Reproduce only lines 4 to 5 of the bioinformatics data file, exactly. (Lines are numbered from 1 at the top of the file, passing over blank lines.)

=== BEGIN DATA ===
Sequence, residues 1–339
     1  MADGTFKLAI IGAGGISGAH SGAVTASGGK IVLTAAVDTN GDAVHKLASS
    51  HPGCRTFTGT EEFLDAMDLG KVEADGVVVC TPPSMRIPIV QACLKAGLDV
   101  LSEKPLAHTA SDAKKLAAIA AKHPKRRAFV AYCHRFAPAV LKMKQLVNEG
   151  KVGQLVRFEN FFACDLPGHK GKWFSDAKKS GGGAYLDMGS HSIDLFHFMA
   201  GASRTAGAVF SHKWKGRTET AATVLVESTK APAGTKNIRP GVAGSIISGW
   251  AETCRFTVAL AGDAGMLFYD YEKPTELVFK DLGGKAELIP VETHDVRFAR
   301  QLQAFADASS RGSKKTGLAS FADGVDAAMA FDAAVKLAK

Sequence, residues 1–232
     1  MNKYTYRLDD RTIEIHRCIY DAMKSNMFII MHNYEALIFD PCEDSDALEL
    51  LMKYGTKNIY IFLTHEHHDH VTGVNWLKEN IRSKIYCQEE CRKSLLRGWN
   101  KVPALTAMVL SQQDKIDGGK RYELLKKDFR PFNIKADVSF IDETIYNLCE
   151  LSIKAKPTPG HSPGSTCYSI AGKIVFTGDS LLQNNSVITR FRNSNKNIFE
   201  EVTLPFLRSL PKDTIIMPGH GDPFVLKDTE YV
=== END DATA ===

   101  LSEKPLAHTA SDAKKLAAIA AKHPKRRAFV AYCHRFAPAV LKMKQLVNEG
   151  KVGQLVRFEN FFACDLPGHK GKWFSDAKKS GGGAYLDMGS HSIDLFHFMA